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  • Writer's pictureMarie Katherine

Bedsharing Essentials

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What do I need to safely bedshare with my infant?

The beauty of bedsharing is that very little is actually needed compared to conventional infant sleep arrangements. You don’t need a crib, a sound machine, a baby monitor, or a swaddle. Everyone is different and everyone will make different decisions based on their family’s needs for bedsharing, but for most people, very little is needed!


Before we go any further, please do your own research into bedsharing to determine if it’s right for your family. There is really fascinating research in bedsharing such as:


“The lowest SIDS rates in the world are in countries where bedsharing is traditional, for instance, parts of Asia and South Asia.”

The scary bedsharing and SIDS statistics recorded in the US include all bedsharing/co-sleeping arrangements, including situations where the infant and an adult were sleeping on a couch or chair, or the infant was sleeping with an adult other than mom, and statistics where mom was not sober. This is NOT safe bedsharing! 


Bedsharing is the most biologically-appropriate form of sleep for mother and baby, and usually allows parents the most sleep, AND produces a really beautiful bond between mom and baby! But it needs to be done safely!


Before deciding to bedshare, research:





All that being said, what do you need to safely and comfortably bedshare?


Here are my recommendations:


A firm sleep surface


This can be a firm mattress. But if your mattress is not firm, you can try flipping it over or purchasing a firm mattress pad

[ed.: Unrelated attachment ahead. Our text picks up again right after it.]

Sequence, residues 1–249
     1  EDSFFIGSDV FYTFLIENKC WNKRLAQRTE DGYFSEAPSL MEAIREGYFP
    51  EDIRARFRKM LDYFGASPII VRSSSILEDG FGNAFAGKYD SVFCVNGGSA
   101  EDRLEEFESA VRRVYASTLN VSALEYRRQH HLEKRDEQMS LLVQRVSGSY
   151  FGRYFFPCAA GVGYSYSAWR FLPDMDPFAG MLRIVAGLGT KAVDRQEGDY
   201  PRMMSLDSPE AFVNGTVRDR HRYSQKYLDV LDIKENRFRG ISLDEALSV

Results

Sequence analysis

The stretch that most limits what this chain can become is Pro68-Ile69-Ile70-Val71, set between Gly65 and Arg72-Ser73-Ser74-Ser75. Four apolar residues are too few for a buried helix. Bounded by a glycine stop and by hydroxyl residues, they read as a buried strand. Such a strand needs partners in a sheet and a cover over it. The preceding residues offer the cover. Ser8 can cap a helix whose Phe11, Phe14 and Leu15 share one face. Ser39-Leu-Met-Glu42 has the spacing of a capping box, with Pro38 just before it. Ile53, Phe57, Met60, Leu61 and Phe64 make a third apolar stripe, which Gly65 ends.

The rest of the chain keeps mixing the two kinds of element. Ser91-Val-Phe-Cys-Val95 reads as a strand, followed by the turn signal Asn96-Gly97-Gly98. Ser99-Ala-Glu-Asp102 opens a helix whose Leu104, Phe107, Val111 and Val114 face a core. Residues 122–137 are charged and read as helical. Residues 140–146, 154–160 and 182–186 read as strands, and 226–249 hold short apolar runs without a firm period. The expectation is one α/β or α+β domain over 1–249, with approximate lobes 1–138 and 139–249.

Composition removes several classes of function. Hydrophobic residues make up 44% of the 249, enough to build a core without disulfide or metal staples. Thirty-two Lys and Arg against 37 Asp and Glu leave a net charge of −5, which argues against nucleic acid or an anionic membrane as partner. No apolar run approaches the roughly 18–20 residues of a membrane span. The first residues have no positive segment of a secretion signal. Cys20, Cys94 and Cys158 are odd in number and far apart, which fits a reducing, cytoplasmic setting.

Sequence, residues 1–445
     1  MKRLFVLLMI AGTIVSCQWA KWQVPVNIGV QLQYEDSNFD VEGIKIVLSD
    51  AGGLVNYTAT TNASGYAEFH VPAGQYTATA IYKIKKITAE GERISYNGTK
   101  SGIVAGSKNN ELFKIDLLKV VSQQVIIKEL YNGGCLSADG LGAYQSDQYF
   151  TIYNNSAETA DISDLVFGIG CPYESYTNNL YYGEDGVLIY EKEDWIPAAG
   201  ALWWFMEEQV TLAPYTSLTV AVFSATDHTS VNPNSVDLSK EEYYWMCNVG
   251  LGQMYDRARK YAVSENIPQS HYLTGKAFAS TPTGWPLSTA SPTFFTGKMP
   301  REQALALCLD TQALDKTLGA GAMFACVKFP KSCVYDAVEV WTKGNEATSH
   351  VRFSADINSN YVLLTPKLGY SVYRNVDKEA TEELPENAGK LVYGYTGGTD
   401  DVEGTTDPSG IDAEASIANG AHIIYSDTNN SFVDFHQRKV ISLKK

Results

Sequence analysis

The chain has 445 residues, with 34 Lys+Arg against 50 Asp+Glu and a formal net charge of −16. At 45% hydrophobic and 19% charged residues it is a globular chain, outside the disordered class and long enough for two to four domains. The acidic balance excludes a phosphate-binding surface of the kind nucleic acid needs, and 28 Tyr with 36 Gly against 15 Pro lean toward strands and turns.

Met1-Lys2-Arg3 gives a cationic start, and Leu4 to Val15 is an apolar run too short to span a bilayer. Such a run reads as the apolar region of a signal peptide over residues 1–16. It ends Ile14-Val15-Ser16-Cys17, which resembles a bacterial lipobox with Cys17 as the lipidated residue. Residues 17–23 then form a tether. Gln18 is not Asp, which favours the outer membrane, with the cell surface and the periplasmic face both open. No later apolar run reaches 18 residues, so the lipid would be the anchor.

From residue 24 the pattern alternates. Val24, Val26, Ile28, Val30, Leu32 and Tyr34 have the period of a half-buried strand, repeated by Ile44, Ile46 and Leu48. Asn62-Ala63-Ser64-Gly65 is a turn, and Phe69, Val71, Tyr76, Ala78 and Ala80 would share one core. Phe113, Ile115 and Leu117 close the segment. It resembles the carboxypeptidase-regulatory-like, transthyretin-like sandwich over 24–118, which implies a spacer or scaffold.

We purchased this firming mattress pad and are very pleased with the results!


Hot tips: We also set our mattress on the floor, (just in case, heaven forbid, our baby ever rolled off, there would not be a far drop) and we have a King mattress, so there is plenty of space for myself, my husband, and our baby.



This is a must-have as babies tend to spit up and have blow-outs. Breastfeeding mothers also leak milk and sweat. Save your mattress, and invest in a good cover!



A nightlight is really nice to have, especially in the early days of breastfeeding. It’s nice to be able to glance at your baby to see if they’re latched or just to check and see if they’re ok. I’d recommend a red light as red light does not signal to your brain to wake up but still allows you to see. 



It is not recommended to swaddle infants when bedsharing, but sleep sacks (with their arms free) are recommended. We use these sleep sacks because they have long sleeves, and we love them, but there are many other options. 



If you really want to bedshare, but it makes you very anxious, you can invest in a bedside sleeper. These bassinettes keep your baby very close and easy to reach, but out of your bed. Our family does not use one, but if I was at all anxious about bedsharing with my infant, I would invest in one. 


 

And that’s it! Again, not much is needed to bedshare. I believe many moms actually end up bedsharing whether they plan to or not. When talking with my own mother, she shared with all of her babies but described it as the norm. They had a crib next to the bed, but the babies ended up in the bed with them as it just made the most sense. When she was raising babies (in the 90’s), there was no messaging around safe sleep. Even today, many moms end up pulling their babies into bed with them and falling asleep, and it’s biologically healthy and normal! Just do it safely. 


I hope you enjoyed this post! Let me know if I forgot anything in the comments!


See my other posts on motherhood: 



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